1. The public authorities guarantee the right of parents to ensure that their children receive religious and moral instruction in accordance with their own convictions.
  2. Elementary education is compulsory and free.
  3. The public authorities guarantee the right of all to education, through general education programming, with the effective parti- cipation of all sectors concerned and the setting-up of educational centres.
6.    The right of individuals and legal entities to set up educational centres is recognised, provided they respect constitutional principles.
7.    Teachers, parents and, when appropriate, pupils shall participate in the control and management of all centres supported by the Administration out of public funds, under the terms established by the law.
8.    The public authorities shall inspect and standardise the educational system in order to ensure compliance with the laws.
9. The public authorities shall help the educational centres which meet the requirements established by the law.
10.    The autonomy of Universities is recog- nised, under the terms established by the law.
[PDF from Spain's Congress]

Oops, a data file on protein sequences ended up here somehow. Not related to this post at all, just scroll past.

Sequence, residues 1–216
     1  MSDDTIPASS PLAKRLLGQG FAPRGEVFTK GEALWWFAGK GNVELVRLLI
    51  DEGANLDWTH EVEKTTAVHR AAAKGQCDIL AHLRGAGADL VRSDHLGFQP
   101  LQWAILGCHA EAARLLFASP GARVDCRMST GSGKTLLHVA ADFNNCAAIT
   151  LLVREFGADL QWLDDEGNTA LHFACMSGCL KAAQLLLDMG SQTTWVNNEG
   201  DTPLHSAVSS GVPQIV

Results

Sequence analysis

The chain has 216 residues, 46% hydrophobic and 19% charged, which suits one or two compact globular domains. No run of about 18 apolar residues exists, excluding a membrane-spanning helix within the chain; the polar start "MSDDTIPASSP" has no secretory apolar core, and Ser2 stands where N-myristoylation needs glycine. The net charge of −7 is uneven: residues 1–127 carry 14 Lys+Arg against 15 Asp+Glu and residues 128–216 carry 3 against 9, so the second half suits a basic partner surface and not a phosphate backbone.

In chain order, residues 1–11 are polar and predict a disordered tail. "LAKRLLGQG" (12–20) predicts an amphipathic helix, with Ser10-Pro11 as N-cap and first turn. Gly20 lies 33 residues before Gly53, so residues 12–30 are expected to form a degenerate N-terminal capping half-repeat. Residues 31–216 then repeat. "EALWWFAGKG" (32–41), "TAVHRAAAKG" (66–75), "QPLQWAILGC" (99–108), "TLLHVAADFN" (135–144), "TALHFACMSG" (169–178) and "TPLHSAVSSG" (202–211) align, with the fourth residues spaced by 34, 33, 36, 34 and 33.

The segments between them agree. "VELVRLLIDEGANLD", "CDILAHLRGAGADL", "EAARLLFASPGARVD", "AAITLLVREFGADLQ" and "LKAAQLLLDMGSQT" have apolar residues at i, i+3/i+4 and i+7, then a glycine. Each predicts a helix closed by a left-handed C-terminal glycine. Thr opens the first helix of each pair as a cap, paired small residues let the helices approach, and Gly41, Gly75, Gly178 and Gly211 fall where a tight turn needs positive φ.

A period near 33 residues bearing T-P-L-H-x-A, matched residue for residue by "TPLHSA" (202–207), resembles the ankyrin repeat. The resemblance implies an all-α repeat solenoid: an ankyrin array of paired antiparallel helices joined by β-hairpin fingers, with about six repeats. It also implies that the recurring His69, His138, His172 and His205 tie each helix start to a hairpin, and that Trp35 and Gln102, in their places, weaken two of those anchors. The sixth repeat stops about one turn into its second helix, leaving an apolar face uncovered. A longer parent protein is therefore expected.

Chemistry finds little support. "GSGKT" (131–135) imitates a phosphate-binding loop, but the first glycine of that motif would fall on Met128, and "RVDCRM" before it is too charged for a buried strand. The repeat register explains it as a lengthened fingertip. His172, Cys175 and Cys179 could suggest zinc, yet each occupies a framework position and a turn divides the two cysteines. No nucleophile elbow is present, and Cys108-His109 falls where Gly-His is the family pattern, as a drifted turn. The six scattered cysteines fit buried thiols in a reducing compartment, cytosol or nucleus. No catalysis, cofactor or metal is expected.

If you are not convinced, try it on someone who has not been entirely debauched by economics. — Piero Sraffa
by Migeru (migeru at eurotrib dot com) on Sun Sep 2nd, 2012 at 08:12:44 AM EST
[ Parent ]
I[f] someone tried to argue that proper science education was part of his moral convictions it probably wouldn't work.

That's interesting. Why?

(I actually agree, but you're the lawyer :-)

If you are not convinced, try it on someone who has not been entirely debauched by economics. — Piero Sraffa

by Migeru (migeru at eurotrib dot com) on Sun Sep 2nd, 2012 at 08:19:24 AM EST
[ Parent ]
"their children receive religious and moral instruction in accordance with their own convictions."

That seems to give the parents the right to educate their children according to their own convictions.

But only in the realm of religious and moral instruction. In other realms, the parents' convictions don't matter, apparently?

If you are not convinced, try it on someone who has not been entirely debauched by economics. — Piero Sraffa

by Migeru (migeru at eurotrib dot com) on Sun Sep 2nd, 2012 at 07:43:52 AM EST
[ Parent ]